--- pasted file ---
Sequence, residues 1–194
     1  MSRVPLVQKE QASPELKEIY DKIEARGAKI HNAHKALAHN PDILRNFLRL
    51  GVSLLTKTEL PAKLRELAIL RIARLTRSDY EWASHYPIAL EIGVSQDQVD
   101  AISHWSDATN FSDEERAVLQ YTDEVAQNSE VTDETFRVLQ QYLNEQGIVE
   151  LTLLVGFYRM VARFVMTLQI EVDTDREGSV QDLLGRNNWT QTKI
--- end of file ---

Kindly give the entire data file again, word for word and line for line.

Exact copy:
Sequence, residues 1–194
     1  MSRVPLVQKE QASPELKEIY DKIEARGAKI HNAHKALAHN PDILRNFLRL
    51  GVSLLTKTEL PAKLRELAIL RIARLTRSDY EWASHYPIAL EIGVSQDQVD
   101  AISHWSDATN FSDEERAVLQ YTDEVAQNSE VTDETFRVLQ QYLNEQGIVE
   151  LTLLVGFYRM VARFVMTLQI EVDTDREGSV QDLLGRNNWT QTKI